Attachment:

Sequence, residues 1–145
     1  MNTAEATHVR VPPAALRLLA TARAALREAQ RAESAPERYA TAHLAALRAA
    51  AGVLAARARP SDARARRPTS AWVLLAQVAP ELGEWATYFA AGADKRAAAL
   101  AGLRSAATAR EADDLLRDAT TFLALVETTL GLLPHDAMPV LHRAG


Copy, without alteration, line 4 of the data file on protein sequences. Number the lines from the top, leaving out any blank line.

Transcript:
   101  AGLRSAATAR EADDLLRDAT TFLALVETTL GLLPHDAMPV LHRAG